A dam is a structure that is built on rivers, streams, or estuaries for conserving water. It directly helps to supply people with adequate water for consumption, industrial and irrigation purposes. Broadly, modern dams can be classified into 2 types– concrete dams and embankments. Concrete dams or masonry dams block streams that run through narrow gorges, whereas embankments control streams and rivers which flow through broad valleys.
An example of a masonry Dam in India is Nagarjuna Sagar Dam located in Andhra Pradesh. An example of an Embankment Dam in India is the Tehri Dam, located in Uttarakhand. A large section of India’s population suffers from a water crisis or mismanagement of water resources. To begin with, there is not enough clean water for drinking or irrigation purposes in many parts of the country. On the other hand, flash floods are also frequent in many regions. As a means to remedy this persistent problem, man-made structures like dams and reservoirs have been constructed across streams and rivers. The article discusses the uses, the main advantages and disadvantages of dams.
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Since we have developed a basic understanding of what a dam is, let us look into the uses of dams. It is considered as a significant water resource. They provide water for a variety of reasons, including home usage, irrigation, and industrial applications. Dams are also utilized to produce hydropower power and make river transportation easier. Dams are becoming increasingly important in everyday activities. Moreover, dams also promote local tourism thus contributing to national development. There are several uses of dams. Some of the most common ones are as follows
The water conserved in reservoirs provides freshwater to residential, industrial, and mining areas.
The conserved water satiates irrigation purposes.
Facilitates the process of generating energy from renewable sources, like hydropower.
Helps to regulate the flow of water of rivers and streams and protects communities residing down in the valley.
Facilitates water conservation for meeting future requirements.
With that being said, let’s proceed to find out the associated merits and demerits of dams.
Dams offer an array of economic, social and environmental benefits and are useful for most problems pertaining to water conservation and its crisis management. On that note, let’s glance through the top advantages of dams –
Arguably, this is one of the primary uses of dams and reservoirs. The water stored in reservoirs helps to make up for water crises in dry seasons. It also ensures the regular water supply for residential, industrial and agricultural consumption.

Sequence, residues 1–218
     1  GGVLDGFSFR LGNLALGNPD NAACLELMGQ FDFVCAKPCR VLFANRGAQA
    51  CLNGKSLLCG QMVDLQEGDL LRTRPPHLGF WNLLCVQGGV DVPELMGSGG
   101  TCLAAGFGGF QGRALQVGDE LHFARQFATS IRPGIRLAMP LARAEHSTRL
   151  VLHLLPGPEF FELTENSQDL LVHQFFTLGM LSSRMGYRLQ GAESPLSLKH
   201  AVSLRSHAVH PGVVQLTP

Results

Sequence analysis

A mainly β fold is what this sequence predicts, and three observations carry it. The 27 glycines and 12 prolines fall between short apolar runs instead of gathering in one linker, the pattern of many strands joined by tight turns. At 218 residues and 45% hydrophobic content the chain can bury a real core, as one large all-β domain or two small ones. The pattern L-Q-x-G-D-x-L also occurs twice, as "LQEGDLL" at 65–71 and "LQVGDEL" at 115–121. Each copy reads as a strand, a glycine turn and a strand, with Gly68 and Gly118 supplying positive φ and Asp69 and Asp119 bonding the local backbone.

Undoubtedly, mitigating floods is a major importance of dams. Dams help to control the flow of floodwater by diverting its course towards other uses, storing the excess water or releasing it with caution. In turn, it helps to save lives and resulting displacement.
One of the most significant merits of dams is the role they play in irrigation. Dams have helped farmers tackle the problem of watering crops significantly, which has resulted in a boost in crop production.
Over the years, hydropower has emerged as an effective way of meeting the energy crisis in many regions of India. Also, being a clean source of energy, hydropower does not contribute to any kind of pollution. Tehri Dam, Srisailam Dam, and Sardar Sarovar Dam are some of the top hydropower plants in India.
Besides mitigating floods, dams often prove useful in retaining detrimental sedimentation. In fact, they may also come in handy in preventing the disposition of hazardous material and subsequent contamination.
One of the benefits of dams is that they also provide recreational facilities to human beings. One can enjoy boating, skiing and fishing in the stagnant water. Maithon dam and Bhakra Nangal dam are popular among tourists as recreational hubs.
Irrespective of their array of benefits, dams have a significant share of disadvantages. The following offers a brief idea about it.
Displacement of people during construction.
Reservoirs often emit a high percentage of greenhouse gases.
Often disrupts local ecosystems.
It disrupts the groundwater table.
Blocks progression of water to other countries, states or regions.
In conclusion of the article, we have discussed the advantages and disadvantages of dams, we have learned about the uses of a dam.
1. Why are Dams Built?
Dams are built to store water, meet irrigation requirements and mitigate flood-oriented disasters. Dams also play a significant role in generating a clean source of energy through hydropower and help to meet the energy crisis.
2. What are Dams Used For?
Dams regulate the flow of rivers and streams. They also come in handy for preventing flash floods in low-lying lands and valleys. Over the years, dams have emerged useful for generating hydro-electricity.
3. Name 5 Largest Dams in India.
These are the 5 largest dams in India –
i. Tehri Dam, Uttarakhand
ii. Hirakud Dam, Odisha
iii. Sardar Sarovar Dam, Gujrat
iv. Bhakra Nangal Dam, Himachal Pradesh
v. Nagarjuna Sagar Dam, Andhra Pradesh.